March 27, 2017
Recently I painted my living room, replacing a soothing cocoa with a grassy green, to nobody’s surprise. Painting for me is a delicacy, revered but seldom indulged in during my childhood. When I was seven, my mom went to an oil-paint class and developed a migraine so severe someone had to drive her home.
Years passed and Mom dabbled. One June when I was nineteen, we snuck into the backyard of her childhood home at dawn, bearing ladders and cans of white latex house paint. My grandfather—a self-taught commercial artist whose glasses and tools all bore splashes of paint—popped his head out the door and asked, “What should I buy you at Burger King?” His vote of confidence warmed my heart.
My tiny Norwegian grandmother was not so sanguine. She stood at the backdoor in jammies. “You get out of here right now,” she bellowed. “I’m calling the police.”
“What are you going to say?” Mom didn’t flinch. “Help, my daughter’s painting the house?” She returned to the car for more paint cans. Grandma disappeared inside.
Mom handed me a metal scraper. “I would never have dared say that growing up.” She pointed out patches, eternally flaking because of an inferior base coat, the only paint available during World War II. “Maybe she’ll call Betty.” Mom scowled. “The family expert on paint.”
Indeed my oldest aunt’s paintings were plentiful and exquisite.
While we brushed broad strokes, white latex dribbling down our hands, Mom told a new-to-me story: about the time she drew a rabbit in elementary school. The teacher liked the rabbit so well she sent home a big sheet of paper, instructing Mom to draw a larger version for the bulletin board. Back home, Mom’s sister Betty, a teenager in high school, took the paper and drew the requested rabbit instead. And Mom, knowing it looked nothing like her original drawing, sadly returned to school and passed the work off as her own.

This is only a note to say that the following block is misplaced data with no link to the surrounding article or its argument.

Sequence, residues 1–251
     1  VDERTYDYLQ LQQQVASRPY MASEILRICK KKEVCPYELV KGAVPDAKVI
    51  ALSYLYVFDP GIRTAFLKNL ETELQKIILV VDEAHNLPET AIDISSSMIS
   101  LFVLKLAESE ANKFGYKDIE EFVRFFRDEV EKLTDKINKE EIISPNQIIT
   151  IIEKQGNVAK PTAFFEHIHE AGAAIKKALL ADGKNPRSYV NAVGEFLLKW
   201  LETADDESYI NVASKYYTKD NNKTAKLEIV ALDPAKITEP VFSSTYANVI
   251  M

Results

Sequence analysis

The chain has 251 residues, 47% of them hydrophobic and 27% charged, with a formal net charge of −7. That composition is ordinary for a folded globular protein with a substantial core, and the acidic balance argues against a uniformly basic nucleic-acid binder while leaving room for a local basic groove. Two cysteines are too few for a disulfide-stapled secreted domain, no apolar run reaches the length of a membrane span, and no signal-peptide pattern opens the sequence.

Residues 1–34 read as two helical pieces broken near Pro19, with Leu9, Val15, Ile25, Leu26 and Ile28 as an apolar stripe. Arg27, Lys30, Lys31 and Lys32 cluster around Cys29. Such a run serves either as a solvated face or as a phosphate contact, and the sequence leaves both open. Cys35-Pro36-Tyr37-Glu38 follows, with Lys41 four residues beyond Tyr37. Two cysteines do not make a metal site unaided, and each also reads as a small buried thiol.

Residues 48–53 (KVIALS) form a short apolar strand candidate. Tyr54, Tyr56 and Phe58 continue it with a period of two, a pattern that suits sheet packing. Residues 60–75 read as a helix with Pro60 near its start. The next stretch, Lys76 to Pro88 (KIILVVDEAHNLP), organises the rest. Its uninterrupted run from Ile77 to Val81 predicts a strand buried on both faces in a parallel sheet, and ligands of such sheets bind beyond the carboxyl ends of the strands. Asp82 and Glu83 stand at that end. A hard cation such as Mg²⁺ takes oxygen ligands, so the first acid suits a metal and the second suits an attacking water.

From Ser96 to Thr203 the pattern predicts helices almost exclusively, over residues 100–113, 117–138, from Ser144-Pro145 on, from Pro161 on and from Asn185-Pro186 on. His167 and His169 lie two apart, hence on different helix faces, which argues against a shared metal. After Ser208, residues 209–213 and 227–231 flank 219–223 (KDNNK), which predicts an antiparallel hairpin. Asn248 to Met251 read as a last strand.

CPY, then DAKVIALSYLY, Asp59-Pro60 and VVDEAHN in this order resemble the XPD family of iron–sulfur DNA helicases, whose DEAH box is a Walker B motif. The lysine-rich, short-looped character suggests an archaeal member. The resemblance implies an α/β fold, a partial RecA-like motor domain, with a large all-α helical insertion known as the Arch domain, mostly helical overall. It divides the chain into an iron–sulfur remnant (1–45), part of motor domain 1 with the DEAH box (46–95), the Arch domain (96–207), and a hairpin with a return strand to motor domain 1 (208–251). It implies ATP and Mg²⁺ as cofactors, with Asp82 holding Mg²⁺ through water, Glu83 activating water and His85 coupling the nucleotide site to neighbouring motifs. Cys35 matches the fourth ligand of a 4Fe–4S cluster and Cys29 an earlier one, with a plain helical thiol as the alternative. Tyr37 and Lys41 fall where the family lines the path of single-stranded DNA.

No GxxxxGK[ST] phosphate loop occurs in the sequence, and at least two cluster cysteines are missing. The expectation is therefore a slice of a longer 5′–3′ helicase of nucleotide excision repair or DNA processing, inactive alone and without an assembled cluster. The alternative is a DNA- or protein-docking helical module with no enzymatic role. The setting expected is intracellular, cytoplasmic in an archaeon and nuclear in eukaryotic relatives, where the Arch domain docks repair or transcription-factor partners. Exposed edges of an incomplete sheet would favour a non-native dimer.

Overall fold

That story mattered because of its meaning to Mom: that she had no talent—or permission—to create art. Deep down, she believed that message. Unspoken, it made her physically ill. One might ask why my teenaged aunt felt compelled to compete with a child: Betty’s refined talent speaks for itself. There’s got to be another story buried there. Those unspoken narratives have a way of coming out sideways.
I’ve struggled through my share of migraines when I meandered too close to painful internalized tales. Though it can hurt like hell, I’ve found the best escape from such stories lies through them—peeling away layers, feeling them fully, and hearing what else they’re saying.
I heard Mom’s rabbit story several more times after that day. She walked away from each telling angry and fired up. She hasn’t told it for several years now.
Framed images—oil and watercolor and acrylic—grace her walls, painted by Mom and her grandkids. Take a look at the seascape she gave me. It’s wild and vibrant and edgy.
I’m glad Mom told that story—long enough to move past it and paint.